Secure Sockets Layer, the fundamental security service for the world’s websites and many networks is at risk in the face of a new spyware application, Marketscore, an application that promises to speed up web browsing. The software is bundled with iMesh P2P (peer-to-peer) software and is popular with university students.
Marketscore is a descendent of the Netsetter spyware application. The application forces requests for web pages to be passed through proxy servers, allowing cached (previously downloaded) copies of pages to be served, rather than the most current, copies. Because Marketscore creates a trusted certificate authority on computers running the application, it’s possible for Marketscore’s proxy servers to extract sensitive data by using the certificate authority to unencrypt the data during it’s transmission from the website to the user’s computer. Credit card, banking, and online purchase data are just some of the data users routinely encrypt using SSL (Secure Sockets Layer), a service that normally operates in the background, away from most users’ eyes.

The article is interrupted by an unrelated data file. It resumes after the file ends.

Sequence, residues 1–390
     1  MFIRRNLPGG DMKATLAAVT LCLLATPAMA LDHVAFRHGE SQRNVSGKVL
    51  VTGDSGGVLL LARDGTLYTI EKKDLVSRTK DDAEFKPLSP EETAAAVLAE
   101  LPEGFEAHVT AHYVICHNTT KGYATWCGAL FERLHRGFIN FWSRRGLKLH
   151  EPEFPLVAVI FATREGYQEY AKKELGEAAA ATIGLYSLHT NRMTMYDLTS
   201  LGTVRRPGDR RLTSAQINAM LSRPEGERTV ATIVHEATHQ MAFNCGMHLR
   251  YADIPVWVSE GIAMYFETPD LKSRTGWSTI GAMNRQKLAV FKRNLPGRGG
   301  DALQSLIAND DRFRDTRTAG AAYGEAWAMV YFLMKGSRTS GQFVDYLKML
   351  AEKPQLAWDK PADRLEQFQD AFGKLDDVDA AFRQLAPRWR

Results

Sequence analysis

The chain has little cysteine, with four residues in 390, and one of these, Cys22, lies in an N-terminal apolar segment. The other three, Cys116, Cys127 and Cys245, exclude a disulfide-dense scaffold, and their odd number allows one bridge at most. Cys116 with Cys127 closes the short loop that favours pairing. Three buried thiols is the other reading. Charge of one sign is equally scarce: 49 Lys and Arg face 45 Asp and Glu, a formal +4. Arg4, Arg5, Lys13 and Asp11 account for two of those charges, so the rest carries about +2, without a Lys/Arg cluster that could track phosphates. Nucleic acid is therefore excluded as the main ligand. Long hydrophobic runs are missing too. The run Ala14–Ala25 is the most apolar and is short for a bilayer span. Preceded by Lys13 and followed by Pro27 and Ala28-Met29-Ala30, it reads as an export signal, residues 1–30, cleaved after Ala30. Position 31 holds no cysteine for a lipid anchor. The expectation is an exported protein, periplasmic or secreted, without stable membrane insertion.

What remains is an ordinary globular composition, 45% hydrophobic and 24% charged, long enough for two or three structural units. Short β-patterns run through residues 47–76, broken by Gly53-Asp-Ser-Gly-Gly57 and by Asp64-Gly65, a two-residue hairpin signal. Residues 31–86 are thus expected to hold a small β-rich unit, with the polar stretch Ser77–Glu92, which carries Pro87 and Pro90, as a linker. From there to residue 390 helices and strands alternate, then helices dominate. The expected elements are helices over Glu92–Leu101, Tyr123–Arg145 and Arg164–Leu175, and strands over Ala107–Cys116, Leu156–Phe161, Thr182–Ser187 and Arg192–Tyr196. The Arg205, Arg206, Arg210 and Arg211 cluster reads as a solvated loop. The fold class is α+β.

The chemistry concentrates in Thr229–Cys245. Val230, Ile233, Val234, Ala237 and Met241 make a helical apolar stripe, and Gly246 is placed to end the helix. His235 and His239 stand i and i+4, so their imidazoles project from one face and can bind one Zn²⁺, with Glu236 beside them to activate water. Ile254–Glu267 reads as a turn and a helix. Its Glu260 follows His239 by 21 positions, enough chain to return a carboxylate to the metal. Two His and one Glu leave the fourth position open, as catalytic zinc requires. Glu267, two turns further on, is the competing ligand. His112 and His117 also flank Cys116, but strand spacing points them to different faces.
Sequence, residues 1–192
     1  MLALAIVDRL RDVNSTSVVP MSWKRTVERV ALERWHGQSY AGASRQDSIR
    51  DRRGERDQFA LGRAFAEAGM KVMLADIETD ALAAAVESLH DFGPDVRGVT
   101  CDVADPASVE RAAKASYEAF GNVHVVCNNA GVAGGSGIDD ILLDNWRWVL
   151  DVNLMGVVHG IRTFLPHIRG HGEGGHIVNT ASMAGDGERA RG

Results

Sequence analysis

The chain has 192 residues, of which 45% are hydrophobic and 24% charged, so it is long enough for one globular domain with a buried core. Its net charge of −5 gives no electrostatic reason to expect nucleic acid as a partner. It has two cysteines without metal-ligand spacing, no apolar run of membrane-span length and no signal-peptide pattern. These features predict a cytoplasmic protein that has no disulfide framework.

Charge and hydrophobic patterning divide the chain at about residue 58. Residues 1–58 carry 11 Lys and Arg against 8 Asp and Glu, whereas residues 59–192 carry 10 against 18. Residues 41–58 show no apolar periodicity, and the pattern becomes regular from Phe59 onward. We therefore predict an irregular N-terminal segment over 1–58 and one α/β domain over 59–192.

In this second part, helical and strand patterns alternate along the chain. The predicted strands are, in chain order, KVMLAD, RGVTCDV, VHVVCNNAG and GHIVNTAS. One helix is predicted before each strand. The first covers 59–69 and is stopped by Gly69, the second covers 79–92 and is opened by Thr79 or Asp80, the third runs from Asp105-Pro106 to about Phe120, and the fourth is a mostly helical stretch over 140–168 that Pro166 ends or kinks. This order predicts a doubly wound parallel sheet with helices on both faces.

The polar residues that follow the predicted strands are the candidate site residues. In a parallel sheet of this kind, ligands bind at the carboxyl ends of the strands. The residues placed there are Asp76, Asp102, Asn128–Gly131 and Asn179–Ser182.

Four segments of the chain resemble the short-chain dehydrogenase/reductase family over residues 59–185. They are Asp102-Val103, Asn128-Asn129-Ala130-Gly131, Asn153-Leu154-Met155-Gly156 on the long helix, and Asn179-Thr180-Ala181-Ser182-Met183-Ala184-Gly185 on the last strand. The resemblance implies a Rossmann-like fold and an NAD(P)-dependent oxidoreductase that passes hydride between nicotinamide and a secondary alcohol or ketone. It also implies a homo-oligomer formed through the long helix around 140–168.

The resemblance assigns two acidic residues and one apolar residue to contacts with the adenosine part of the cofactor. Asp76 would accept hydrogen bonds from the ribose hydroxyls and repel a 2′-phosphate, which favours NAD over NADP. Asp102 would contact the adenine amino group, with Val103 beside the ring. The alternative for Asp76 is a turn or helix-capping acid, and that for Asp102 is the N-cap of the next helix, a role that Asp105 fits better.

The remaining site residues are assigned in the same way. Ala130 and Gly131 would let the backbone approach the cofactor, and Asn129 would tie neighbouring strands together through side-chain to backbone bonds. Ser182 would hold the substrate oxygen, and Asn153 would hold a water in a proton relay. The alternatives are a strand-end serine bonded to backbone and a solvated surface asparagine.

There is a fundamental rule that we should all remember: if it sounds too good to be true, it probably is (too good to be true). The online corollary to this rule is: there’s no way to improve download speed, except to connect to a line with greater bandwidth; proxy server caching doesn’t really work.
Call for Comments
What do you think? Leave your comments below.